Daring Greatly | Brené Brown


Published: 2015

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Brene Brown believes that it is difficult to feel lovable if you constantly wear a mask. It is then the mask, and not oneself, that receives the confirmation. Vulnerability and authenticity are therefore the bravest thing we can do – the risk of disappointment is large but so is the reward. It is a cowardly way to go when we keep everyone at a safe distance and have an exit plan for all situations and relationships. Life, in fact, consists of family and close friends. The reason we are on earth is to carry our species forward and to create relationships (“connection is why we’re here”).

THE SCARCITY-IDEA IS A DESTRUCTIVE FRIEND. What counts are friends, security, a good job and love. But often we take it for granted. When we wake up, we have slept too little, during the day we do not have enough time and in the evening, we only have time for the most necessary things. We tell ourselves we have too little of everything. This thought loop becomes a friend who is always there, but one who does not want us well.

VULNERABILITY = EMOTIONS = WEAKNESS? Vulnerability is the birthplace of love, togetherness, courage, empathy and creativity (Brown defines vulnerability as insecurity, risk and emotional exposure). We often appreciate when someone is vulnerable toward us. But vulnerability is often the last thing we want others to see in ourselves.

“Vulnerability isn’t good or bad: It’s not what we call a dark emotion, nor is it always a light, positive experience. Vulnerability is the core of all emotions and feelings. To feel is to be vulnerable”

IT IS EASY TO LIVE UNHAPPY. Living dissatisfied means reduced joy but also reduced pain. To fully enjoy what is good at the moment is risky as the situation can quickly change. Joy and vulnerability are strongly linked to each other and to minimize vulnerability, we often quickly choose pessimism. A study has shown that people feel most vulnerable to loving their job, their partner, getting married, having children, being happy or loved. When you are at the top, it is easy to prepare for a downgrade to take place.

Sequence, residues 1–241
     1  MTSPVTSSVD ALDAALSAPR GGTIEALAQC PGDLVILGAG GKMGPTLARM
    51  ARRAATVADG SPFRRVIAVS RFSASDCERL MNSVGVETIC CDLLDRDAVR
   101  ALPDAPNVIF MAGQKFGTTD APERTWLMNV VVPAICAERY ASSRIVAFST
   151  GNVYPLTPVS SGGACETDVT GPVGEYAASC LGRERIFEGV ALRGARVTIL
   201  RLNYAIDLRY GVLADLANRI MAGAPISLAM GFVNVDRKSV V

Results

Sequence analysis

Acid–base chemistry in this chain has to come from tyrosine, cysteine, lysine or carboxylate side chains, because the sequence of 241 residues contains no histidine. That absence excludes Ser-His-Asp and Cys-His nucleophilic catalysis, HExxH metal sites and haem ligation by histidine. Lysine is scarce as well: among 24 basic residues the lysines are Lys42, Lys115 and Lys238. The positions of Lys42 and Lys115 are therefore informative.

FEAR OF ISOLATION. Humans are hard-coded social beings, which makes it difficult for us when we end up on the “outside”. Some researchers have stated that they believe that the most horrible and destructive emotion a person can be exposed to is psychological isolation. Another study showed that pain from social adversity is as strong as physical pain. According to Brown, shame is a fear of “disconnection” from those close to us. To think something like “if I said x maybe they like y about me and no longer want to hang out with me anymore”.

PERFECTION IS THE ENEMY OF DONE. Sending something “good enough” is more difficult than sending something perfect. Perfectionists have often grown up with much praise for grades. They have learned early on to look at themselves and their lives as if they are what they succeed at. Studies have shown that perfectionism is correlated with depression, anxiety, addiction and “life paralysis”. It creates a fear of failure and means that we rarely dare to invest when it really matters. Perfectionism is a defensive move. It’s the belief that if we do things perfectly and look perfect, we can minimize or avoid the pain of blame, judgment and shame.

SHAME GROWS OUT OF SECRECY. In the 12-step program (AA) there is a step that says you are only as sick as your secrets. Experiences of shame from childhood change who we are, how we look at ourselves and the value we place on ourselves. Shame keeps us small, contemptuous and scared. More people die from medicine overdoses than from heroin, cocaine and meta combined. Men in particular grow up with the message that they should never be perceived as weak. Women can complain about this, but in practice they often do not want men to show weakness.

“We ask them to be vulnerable, we beg them to let us in, and we plead with them to tell us when they’re afraid, but the truth is that most women can’t stomach it. In those moments when real vulnerability happens in men, most of us recoil with fear and that fear manifests as everything from disappointment to disgust. And men are very smart. They know the risks, and they see the look in our eyes when we’re thinking”

BEING COLD IS DOUBLE-EDGED. Statistics have shown that more soldiers committed suicide when they returned home from the war in Afghanistan than died during the war. This shows the problem of post-traumatic stress. There are also studies that show that police officers are at greater risk of committing suicide than the average citizen. Like the military, police officers are trained to act “cold”, which helps them in the service but not in private life. This also applies to other professions where you have to put on an emotional shield (lawyers, for example, have a 4 times higher suicide rate than ordinary people).

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